do not open this email if you get it...

If You Get This E-Mail, Delete It ASAP

If You Get This E-Mail, Delete It ASAP

It’s called phishing. An e-mail that purports to be from the U.S. Internal Revenue Service is the newest shady way electronic criminals are trying to steal your identity without you realizing quite what you have done. Just as American taxpayers are focusing on those 1040 forms, come these fraudulent e-mails from such legitimate-looking addresses as tax-refunds@irs.gov or admin@irs.gov that send unsuspecting recipients to a look-alike IRS Web site where they are asked to reveal sensitive financial information.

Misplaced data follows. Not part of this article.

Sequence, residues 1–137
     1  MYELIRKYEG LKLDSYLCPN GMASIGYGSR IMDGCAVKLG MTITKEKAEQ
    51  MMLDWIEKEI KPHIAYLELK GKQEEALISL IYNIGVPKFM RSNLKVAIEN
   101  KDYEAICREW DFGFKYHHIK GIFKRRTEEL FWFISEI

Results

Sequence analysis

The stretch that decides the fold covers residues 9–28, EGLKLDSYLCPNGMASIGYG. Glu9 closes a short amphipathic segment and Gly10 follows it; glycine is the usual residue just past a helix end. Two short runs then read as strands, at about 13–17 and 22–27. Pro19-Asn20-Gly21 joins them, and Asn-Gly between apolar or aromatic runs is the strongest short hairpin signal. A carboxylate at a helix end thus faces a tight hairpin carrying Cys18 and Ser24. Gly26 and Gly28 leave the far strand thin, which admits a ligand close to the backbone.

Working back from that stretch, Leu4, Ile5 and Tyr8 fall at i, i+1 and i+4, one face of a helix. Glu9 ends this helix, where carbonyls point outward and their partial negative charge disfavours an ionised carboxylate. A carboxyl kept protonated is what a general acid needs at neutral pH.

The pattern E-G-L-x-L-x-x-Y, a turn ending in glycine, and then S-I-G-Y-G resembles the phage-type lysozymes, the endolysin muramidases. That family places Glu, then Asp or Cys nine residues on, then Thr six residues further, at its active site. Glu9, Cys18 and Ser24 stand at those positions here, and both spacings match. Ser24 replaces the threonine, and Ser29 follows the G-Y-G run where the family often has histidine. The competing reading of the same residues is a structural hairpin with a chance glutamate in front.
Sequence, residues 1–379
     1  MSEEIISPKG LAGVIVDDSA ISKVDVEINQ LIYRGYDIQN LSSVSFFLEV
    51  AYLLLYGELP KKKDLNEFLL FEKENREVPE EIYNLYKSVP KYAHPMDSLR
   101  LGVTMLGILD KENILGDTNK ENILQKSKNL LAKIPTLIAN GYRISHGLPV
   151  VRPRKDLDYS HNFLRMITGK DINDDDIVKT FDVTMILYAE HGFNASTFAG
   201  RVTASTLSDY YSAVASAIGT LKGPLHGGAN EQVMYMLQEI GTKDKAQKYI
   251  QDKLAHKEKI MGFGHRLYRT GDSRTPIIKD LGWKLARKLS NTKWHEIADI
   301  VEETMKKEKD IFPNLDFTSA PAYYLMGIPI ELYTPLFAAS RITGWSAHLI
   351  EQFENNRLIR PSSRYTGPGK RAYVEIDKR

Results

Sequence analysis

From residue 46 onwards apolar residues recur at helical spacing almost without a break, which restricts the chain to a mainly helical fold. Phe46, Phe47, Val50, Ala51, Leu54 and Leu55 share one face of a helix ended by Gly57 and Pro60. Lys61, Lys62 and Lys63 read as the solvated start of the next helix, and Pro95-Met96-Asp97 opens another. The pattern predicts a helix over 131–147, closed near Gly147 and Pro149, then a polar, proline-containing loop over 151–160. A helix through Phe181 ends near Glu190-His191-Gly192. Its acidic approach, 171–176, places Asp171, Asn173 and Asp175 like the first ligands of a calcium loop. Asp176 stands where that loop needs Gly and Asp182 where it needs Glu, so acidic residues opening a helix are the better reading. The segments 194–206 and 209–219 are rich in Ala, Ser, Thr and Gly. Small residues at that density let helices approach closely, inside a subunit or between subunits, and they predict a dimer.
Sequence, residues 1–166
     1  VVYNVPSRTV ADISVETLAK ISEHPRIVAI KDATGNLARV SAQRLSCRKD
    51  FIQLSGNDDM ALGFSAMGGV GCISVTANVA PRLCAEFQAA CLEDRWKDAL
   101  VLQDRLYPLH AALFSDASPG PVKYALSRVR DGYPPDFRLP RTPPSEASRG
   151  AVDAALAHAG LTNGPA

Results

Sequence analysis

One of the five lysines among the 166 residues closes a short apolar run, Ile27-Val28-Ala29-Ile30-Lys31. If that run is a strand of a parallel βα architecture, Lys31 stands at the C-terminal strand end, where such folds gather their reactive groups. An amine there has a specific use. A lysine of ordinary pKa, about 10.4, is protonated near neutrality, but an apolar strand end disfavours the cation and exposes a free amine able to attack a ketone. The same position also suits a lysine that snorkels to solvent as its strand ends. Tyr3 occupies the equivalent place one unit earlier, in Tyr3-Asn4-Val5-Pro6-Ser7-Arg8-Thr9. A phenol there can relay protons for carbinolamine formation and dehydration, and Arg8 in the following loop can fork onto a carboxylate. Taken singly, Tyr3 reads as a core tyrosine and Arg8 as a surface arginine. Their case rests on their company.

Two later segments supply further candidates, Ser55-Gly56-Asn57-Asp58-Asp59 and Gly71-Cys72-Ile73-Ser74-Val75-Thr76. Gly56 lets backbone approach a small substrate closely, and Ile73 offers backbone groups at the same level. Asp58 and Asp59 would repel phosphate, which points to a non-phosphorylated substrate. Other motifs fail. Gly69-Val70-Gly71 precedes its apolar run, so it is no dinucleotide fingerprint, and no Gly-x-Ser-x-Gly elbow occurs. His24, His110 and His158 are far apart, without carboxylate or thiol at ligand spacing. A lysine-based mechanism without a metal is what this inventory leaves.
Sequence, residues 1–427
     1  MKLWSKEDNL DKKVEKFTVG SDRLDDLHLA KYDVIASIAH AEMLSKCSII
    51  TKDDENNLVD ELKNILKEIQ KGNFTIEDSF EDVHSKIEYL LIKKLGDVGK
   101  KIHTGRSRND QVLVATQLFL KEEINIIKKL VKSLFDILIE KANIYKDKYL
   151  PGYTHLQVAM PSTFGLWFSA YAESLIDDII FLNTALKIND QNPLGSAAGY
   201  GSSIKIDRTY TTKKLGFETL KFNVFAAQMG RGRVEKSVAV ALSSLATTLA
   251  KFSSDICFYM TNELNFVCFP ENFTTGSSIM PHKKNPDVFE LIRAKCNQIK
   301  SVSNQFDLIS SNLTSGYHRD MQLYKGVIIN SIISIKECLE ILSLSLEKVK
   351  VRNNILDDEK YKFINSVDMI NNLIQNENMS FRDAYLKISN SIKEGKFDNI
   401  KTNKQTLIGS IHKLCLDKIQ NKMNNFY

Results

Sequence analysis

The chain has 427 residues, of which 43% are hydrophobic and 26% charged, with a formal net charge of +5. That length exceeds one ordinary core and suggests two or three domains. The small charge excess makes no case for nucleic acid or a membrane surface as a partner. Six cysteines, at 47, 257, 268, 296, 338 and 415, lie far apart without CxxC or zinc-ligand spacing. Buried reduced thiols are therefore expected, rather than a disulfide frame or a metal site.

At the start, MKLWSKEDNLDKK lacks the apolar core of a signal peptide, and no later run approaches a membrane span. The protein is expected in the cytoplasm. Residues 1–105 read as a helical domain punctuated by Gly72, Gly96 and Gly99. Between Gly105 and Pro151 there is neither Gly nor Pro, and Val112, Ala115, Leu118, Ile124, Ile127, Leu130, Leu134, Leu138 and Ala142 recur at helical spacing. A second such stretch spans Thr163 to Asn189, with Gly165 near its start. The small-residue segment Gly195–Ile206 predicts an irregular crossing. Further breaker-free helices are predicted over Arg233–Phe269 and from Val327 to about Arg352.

The IRS, which only contacts taxpayers by telephone or postal mail, began sounding the alarm in late 2005. “We’ve seen a real uptick in the number of e-mail-type scams,” Nancy Mathis, an IRS spokesperson, told the IDG News Service. “In late January and early February, there was an explosion of these things.” So much so that phishing is now in the annual “dirty dozen” list of tax scams.

Why doesn’t the IRS just shut the scammers down? Many, if not all of them, are operating in foreign countries, making it difficult to catch them and close their operations. So far, the IRS has confirmed that 12 Web sites in 18 different countries have hosted variations of this scam, notes IDG News. If you question the legitimacy of any kind of IRS communication, call the agency’s toll-free telephone number: (800) 829-1040.